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Two construction workers died in an accident in 2015 at an Electra project site in Tel Aviv after they fell from the 28th floor. The families of one of the victims filed a complaint to the judicial ombudsman, retired Judge David Rozen, over the delays in the case, and the complaint was found to be justified. The case was then sent back to the police for further investigation, and while prosecutors considered filing indictments, in the end the case was closed without any action after the suspects were granted a hearing to tell their side of the story.
Anton Marchenko, 29, of Holon was killed in October 2018 after falling into a garbage shaft at a construction site in Bat Yam. This case was also closed without any charges. Channel 13 News reported that Electra paid millions of shekels in compensation to his family, but never admitted to any responsibility for the accident.
In May 2018, David Yagodayev, 59, from Rishon Letzion was killed at a construction site in Tel Aviv. Yagodayev was working on a mobile platform in the space between two balconies when he got trapped between the platform and the floor of the balcony above him, and was crushed to death. The case was closed, and an appeal filed by his family was also denied.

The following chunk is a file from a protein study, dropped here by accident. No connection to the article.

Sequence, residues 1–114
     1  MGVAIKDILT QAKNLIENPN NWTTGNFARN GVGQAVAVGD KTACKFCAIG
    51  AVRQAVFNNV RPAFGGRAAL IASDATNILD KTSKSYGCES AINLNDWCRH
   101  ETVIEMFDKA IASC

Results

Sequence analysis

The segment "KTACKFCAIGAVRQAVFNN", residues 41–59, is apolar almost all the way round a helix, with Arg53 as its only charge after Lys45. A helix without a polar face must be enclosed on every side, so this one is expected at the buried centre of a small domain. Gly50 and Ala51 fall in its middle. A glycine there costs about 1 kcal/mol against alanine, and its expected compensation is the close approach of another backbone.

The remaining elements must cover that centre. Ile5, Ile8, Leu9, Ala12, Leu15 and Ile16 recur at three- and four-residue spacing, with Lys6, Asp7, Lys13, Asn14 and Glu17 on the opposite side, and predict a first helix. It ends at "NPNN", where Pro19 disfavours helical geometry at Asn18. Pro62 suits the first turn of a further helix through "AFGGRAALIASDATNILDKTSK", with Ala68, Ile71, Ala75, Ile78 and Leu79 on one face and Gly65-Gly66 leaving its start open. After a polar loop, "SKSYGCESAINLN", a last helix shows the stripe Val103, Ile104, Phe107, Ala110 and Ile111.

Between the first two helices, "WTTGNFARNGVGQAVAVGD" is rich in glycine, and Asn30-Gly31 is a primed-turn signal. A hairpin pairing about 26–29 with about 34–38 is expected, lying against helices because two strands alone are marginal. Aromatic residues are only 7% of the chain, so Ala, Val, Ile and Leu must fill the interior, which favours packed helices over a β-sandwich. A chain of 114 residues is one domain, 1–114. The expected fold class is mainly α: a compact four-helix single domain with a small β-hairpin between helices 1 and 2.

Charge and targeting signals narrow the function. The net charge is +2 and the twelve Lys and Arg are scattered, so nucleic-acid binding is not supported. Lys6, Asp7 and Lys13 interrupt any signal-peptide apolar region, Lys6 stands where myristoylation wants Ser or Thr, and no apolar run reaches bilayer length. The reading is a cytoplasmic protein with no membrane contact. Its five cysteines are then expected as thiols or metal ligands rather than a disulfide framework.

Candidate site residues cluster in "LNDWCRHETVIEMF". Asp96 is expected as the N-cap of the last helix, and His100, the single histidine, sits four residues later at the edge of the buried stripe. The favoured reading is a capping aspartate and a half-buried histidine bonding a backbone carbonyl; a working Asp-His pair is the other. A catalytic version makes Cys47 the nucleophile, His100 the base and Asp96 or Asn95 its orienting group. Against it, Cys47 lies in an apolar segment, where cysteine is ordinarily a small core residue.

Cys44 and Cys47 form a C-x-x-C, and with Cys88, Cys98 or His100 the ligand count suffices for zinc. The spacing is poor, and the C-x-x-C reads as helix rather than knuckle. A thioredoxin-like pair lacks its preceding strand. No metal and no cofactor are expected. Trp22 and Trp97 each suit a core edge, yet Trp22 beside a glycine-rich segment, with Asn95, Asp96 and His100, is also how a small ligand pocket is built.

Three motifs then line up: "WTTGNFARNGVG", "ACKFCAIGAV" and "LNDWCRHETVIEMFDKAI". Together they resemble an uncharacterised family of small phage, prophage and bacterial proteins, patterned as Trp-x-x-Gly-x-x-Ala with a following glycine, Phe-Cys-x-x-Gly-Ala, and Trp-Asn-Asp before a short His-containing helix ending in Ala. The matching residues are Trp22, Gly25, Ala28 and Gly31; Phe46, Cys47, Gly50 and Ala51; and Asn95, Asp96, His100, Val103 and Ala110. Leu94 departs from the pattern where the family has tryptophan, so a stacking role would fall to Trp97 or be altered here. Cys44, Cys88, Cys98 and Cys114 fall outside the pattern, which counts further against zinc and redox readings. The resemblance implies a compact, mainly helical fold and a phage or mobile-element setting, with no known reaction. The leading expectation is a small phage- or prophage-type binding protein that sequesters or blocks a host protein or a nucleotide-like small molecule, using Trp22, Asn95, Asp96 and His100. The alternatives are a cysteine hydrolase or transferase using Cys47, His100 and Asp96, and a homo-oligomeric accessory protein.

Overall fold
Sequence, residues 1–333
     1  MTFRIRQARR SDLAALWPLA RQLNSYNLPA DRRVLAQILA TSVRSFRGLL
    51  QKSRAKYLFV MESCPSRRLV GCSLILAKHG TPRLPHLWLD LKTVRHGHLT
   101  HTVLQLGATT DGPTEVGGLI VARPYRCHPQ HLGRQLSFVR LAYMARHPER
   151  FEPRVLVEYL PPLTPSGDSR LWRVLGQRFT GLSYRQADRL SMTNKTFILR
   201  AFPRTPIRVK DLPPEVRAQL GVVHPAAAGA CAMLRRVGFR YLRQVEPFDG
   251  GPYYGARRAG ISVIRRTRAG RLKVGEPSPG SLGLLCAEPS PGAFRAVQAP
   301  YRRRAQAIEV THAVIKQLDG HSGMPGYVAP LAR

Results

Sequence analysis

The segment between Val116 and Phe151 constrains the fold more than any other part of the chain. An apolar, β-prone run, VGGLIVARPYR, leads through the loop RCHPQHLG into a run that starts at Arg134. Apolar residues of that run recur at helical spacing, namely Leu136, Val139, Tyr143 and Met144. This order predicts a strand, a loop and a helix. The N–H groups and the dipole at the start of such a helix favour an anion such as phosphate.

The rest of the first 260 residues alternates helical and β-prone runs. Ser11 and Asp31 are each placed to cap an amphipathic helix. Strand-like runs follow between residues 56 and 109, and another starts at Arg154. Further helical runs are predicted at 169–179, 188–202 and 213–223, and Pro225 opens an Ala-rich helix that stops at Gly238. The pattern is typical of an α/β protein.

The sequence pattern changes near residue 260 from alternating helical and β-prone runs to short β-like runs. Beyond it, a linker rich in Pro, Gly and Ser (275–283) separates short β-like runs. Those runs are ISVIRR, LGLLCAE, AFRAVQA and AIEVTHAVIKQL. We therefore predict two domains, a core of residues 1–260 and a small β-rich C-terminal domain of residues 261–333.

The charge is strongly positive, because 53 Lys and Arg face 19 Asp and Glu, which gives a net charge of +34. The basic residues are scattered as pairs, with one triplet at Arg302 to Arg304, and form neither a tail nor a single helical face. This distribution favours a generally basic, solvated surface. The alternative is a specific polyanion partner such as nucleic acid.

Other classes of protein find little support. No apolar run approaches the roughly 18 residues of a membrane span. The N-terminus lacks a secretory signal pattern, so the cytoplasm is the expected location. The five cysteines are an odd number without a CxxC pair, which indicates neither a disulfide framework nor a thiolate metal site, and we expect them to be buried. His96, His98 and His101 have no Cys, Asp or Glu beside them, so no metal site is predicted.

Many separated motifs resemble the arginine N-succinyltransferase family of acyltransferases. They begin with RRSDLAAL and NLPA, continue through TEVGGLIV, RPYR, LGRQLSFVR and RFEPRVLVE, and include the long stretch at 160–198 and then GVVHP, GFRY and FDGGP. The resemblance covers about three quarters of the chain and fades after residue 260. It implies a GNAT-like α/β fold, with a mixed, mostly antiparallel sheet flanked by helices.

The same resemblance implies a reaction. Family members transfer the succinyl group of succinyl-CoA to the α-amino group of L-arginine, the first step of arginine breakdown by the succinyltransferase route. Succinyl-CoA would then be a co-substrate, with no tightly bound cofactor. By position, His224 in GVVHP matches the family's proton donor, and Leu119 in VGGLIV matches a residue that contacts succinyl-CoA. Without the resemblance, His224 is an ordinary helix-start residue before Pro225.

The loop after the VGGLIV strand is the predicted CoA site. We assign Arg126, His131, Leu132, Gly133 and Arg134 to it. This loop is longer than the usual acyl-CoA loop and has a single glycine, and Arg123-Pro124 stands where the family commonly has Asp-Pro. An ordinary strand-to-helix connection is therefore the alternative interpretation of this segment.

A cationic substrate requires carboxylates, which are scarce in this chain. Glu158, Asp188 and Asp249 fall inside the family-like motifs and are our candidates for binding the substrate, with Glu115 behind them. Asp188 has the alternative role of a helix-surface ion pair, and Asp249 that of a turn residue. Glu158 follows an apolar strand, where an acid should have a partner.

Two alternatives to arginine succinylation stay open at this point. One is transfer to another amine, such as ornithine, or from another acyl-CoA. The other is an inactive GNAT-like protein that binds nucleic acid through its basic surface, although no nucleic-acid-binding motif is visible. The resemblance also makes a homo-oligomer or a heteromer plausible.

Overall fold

In the letter explaining the rejection of the appeal, then Deputy State Prosecutor Nurit Litman said it was impossible to prove in court that "another person supervising the work of the deceased from the ground had the ability to warn about the danger in time or prevent it.” This justification is also found in many other cases of construction accidents that are closed by prosecutors.
“This is insane,” Eliezer Yagodayev, the deceased man’s son, told Haaretz. “They are always blaming the dead. It’s helplessness, I’m mad and frustrated. It leads me to feel there is no justice … in this country.”
Hadas Tagari, director of the advocacy organization Coalition against Construction Accidents, said: “The fact that six of the these accident investigations were closed, and the remaining two have been delayed for years by the police and prosecutor’s office – a delay that erodes the chances of concluding the proceedings in them – testifies to the failure of the police and prosecutors’ actions, which critically damage the ability to deter those in charge at construction sites from negligence in protecting the safety of workers.”
The State Prosecutor’s Office said work accident cases are extremely complicated legally and difficult to investigate, which is why they often they do not lead to indictments. The decision on every individual case is made by the prosecution after an examination of all the evidence, unrelated to the identity of the company or the suspects involved.
Police said that after the incident in which Dong Gwan Ching was killed in 2017, they opened an investigation that is still underway – and at its conclusion the case will be transferred to the State Prosecutor’s Office for examination and a decision, as usual.
Electra Construction declined to comment.